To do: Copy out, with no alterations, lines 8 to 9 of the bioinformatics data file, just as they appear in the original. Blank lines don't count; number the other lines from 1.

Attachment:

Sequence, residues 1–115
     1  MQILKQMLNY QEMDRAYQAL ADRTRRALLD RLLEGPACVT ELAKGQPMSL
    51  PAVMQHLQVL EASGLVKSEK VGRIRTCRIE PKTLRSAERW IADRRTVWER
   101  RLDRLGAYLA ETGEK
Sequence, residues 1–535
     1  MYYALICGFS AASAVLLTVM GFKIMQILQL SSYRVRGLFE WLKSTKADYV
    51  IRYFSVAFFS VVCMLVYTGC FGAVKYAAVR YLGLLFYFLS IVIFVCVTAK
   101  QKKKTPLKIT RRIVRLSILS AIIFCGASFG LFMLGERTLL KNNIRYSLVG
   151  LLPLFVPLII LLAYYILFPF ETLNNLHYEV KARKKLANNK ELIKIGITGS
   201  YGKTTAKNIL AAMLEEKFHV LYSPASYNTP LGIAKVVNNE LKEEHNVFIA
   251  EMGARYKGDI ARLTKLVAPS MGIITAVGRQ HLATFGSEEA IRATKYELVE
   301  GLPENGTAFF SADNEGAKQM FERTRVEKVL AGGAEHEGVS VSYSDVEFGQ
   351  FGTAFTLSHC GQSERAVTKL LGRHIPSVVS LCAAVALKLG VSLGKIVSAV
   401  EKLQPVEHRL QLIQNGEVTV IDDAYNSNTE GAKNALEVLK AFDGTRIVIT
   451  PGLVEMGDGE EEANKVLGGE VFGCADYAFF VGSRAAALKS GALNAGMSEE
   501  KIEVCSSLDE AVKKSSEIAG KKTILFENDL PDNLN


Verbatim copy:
   101  QKKKTPLKIT RRIVRLSILS AIIFCGASFG LFMLGERTLL KNNIRYSLVG
   151  LLPLFVPLII LLAYYILFPF ETLNNLHYEV KARKKLANNK ELIKIGITGS